As a Corrective Exercise Specialist who works day in and out with CrossFitters and other avid recreational athletes, I find that individuals who incorporate a regular practice of mobility and corrective exercise programming are the people LEAST susceptible to injury from poor movement patterns and chronic muscle and joint pain.
When combined with quality nutrition, hydration, and rest, quality time invested in learning how to use your body within the frame of it’s proper design and function gives your body the best chance to perform (and recover) optimally.
I believe that a a healthy body that performs well in all aspects comes from small, deliberate changes that build long-term, lasting results.
Unfortunately, many people are in constant pursuit of a totally healthy body, despite all the other good habits because chronic muscle and joint pain continually interfere with their activities of daily living and athletic pursuits.
In terms of exercise, Low Back Pain [LBP] is perhaps the most frequent injury that takes athletes out of the game or activities they love. With 80% of all adults in the USA reporting LBP at some point in their lives, and 10-15% of all sports-related injuries involving the spine, LBP is not something to be ignored .
The back is easily susceptible to injury when the body shifts out of optimal postural alignment due to muscle and load joint imbalances cause the pelvis to change position (it can tilt anterior/posterior, elevate and/or rotate).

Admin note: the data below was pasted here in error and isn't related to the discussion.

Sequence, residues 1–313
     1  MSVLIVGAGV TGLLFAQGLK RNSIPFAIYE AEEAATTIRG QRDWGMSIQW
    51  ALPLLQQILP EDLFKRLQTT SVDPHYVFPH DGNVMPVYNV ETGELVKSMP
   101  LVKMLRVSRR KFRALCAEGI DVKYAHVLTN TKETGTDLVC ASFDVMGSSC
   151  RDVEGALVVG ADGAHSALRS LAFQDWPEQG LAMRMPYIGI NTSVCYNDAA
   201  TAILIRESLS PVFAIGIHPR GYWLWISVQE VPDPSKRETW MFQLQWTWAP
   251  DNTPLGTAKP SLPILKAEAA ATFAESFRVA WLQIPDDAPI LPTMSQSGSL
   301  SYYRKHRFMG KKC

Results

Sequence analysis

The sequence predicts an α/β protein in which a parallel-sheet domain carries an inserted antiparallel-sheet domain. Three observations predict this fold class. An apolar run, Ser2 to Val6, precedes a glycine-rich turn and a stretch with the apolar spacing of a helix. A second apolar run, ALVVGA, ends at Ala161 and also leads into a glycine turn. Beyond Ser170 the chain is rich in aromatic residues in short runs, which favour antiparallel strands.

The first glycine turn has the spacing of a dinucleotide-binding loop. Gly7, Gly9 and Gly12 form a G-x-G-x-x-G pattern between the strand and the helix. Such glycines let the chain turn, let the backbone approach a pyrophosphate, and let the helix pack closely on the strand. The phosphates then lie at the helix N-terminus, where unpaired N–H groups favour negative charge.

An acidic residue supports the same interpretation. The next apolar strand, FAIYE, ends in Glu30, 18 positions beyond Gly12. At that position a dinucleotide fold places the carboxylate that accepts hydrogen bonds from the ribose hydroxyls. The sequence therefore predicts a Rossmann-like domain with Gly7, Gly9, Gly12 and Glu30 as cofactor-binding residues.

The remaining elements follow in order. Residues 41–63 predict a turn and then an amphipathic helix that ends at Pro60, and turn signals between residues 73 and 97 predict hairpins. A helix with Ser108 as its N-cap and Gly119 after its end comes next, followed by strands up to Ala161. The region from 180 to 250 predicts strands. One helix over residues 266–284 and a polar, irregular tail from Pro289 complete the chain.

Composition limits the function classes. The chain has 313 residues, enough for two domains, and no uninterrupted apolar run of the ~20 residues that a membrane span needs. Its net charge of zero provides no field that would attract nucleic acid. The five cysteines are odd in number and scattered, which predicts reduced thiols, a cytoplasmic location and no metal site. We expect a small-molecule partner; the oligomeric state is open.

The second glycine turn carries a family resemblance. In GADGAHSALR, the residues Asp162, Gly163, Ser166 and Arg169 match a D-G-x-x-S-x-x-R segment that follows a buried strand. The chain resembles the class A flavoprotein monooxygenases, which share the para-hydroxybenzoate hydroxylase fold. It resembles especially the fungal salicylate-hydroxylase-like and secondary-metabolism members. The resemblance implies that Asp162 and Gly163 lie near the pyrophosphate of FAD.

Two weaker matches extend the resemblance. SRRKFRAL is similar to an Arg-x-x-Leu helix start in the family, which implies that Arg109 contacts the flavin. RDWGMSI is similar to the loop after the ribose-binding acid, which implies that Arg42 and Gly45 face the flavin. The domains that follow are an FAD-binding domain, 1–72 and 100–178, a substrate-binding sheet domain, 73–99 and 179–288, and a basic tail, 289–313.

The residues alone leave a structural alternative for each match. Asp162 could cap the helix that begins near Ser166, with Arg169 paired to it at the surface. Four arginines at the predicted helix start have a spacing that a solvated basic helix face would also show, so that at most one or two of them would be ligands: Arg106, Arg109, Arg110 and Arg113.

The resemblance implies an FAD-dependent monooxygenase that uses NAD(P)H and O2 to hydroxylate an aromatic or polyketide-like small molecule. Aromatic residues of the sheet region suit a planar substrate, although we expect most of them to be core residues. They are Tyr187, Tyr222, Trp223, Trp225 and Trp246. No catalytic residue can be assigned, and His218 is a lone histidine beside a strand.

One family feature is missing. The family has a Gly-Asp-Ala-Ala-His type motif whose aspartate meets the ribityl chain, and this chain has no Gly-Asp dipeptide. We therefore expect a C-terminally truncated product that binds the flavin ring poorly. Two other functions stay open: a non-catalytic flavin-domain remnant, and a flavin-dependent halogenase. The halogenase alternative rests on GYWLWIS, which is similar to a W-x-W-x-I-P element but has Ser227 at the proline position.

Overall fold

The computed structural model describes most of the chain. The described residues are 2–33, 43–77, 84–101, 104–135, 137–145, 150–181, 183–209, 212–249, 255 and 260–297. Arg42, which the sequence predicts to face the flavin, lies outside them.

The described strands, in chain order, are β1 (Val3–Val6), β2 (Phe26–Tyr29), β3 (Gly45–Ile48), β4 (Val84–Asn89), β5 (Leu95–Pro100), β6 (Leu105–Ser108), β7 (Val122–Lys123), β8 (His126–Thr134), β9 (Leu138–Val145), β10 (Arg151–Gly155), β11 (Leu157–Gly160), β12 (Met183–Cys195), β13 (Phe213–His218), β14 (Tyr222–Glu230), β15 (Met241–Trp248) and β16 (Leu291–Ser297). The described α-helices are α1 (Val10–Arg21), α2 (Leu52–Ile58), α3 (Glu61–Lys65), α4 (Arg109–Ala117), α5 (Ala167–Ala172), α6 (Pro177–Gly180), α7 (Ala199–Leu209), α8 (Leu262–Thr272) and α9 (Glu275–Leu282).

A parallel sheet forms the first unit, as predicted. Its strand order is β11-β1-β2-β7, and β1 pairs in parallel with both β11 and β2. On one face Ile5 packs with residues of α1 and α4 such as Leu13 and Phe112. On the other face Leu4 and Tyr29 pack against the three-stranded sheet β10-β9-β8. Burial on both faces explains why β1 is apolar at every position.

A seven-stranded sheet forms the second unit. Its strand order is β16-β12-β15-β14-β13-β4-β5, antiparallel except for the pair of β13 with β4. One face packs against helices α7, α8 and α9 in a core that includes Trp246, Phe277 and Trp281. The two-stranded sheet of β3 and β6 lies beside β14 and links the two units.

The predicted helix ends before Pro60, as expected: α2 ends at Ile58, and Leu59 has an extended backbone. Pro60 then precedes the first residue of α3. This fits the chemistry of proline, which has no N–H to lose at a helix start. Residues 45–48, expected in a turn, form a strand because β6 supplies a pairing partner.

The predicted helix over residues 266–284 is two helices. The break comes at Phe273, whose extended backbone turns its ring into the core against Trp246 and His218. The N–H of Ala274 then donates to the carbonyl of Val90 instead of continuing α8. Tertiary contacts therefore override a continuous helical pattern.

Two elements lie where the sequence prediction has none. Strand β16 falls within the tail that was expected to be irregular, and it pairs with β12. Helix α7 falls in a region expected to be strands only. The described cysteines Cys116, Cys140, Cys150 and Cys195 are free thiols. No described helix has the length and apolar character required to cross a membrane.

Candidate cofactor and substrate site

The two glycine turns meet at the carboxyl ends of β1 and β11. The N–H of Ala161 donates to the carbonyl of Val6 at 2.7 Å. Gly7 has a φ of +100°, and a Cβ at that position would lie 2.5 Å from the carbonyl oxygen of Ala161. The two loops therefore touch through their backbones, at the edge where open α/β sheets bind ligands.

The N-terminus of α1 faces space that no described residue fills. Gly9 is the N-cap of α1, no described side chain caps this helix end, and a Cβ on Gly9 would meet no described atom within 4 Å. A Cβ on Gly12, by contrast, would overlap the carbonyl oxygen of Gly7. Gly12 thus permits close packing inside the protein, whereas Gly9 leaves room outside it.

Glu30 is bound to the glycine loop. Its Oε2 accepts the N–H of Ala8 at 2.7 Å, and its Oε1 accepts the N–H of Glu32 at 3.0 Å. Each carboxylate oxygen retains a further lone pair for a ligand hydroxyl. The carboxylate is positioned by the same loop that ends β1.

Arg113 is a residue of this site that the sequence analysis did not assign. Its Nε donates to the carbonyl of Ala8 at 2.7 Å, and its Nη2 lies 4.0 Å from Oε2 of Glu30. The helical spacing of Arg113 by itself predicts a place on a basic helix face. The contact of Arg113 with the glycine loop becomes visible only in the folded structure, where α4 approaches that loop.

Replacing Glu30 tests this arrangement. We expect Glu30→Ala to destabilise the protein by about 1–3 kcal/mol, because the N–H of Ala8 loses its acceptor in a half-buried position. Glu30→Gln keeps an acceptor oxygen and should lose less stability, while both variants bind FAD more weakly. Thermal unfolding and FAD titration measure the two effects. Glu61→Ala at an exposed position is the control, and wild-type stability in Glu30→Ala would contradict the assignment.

One of my favorite teaching cues is “Exercising on an imbalanced pelvis is like hammering on a bent nail.” Herniated discs and fusions of the L4, L5, S1 seems to be all too common problems plaguing athletes of all types (including CrossFit).
While I personally do not believe that CrossFit. or any other form of physical training is inherently dangerous, training on and continually loading a body out of balance is.
Even athletes with the strongest and most physically chiseled bodies can have very weak and/or injury prone backs. This weakness can develop from an accumulation of previous injuries (acute or chronic), faulty movement mechanics and poor posture habits.
Over time, these imbalances result in repetitive stress to muscles and joints due to compensations and dysfunctions causing the pelvis and spine to shift out of optimal alignment under load. In my experience, most athletes diagnosed with LBP have lost their ability to engage the posterior chain of muscles.
How many times have you been coached or overheard a coach telling an athlete to engage their gluteals, hamstrings and lumbar area?
Anyone who’s ever acutely injured the low back or deals with chronic pain in the area, well knows how difficult it can be to access and engage these muscles, let alone know what it feels like to properly engage the posterior chain when you hear that cue.
If you are an athlete stuck in the chronic pain cycle, and focusing solely on your pain symptom(s) but doing nothing to address and correct the imbalances above and below the pain site, I can guarantee you this.
The pain may be mitigated for a period of time,
but it is only a matter of time until it comes back.
Overtime, the intensity, duration and degree of severity of your LBP will increase because in my experience, the low back muscles have actually become too weakened to hold the corrections made to the spine position.
Research shows that learning to brace the core of the body through strengthening the back extensor and posterior chain of muscles can be effective in promoting long-term relief from chronic low back pain. [2,3]
It’s also important to keep the anchoring muscles of the legs strong and flexible. These muscles act on and cross the hips, knees and ankles. When they are strong it helps stabilize the body and avoid imbalances that can result in strain on the supporting structures of the back. Stabilization movements that target all these muscles and build endurance are keys to a successful back pain relief program.
Enter Foundation Training